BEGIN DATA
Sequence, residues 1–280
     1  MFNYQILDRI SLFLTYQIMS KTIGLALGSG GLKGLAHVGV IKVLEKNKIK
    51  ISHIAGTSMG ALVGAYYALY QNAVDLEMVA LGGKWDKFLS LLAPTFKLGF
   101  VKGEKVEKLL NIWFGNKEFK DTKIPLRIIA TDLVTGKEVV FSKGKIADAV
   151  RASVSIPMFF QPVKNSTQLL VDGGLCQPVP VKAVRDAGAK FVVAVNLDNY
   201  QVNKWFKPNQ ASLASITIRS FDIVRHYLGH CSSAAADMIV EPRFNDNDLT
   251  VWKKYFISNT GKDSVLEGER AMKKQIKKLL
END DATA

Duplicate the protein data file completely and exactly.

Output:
Sequence, residues 1–280
     1  MFNYQILDRI SLFLTYQIMS KTIGLALGSG GLKGLAHVGV IKVLEKNKIK
    51  ISHIAGTSMG ALVGAYYALY QNAVDLEMVA LGGKWDKFLS LLAPTFKLGF
   101  VKGEKVEKLL NIWFGNKEFK DTKIPLRIIA TDLVTGKEVV FSKGKIADAV
   151  RASVSIPMFF QPVKNSTQLL VDGGLCQPVP VKAVRDAGAK FVVAVNLDNY
   201  QVNKWFKPNQ ASLASITIRS FDIVRHYLGH CSSAAADMIV EPRFNDNDLT
   251  VWKKYFISNT GKDSVLEGER AMKKQIKKLL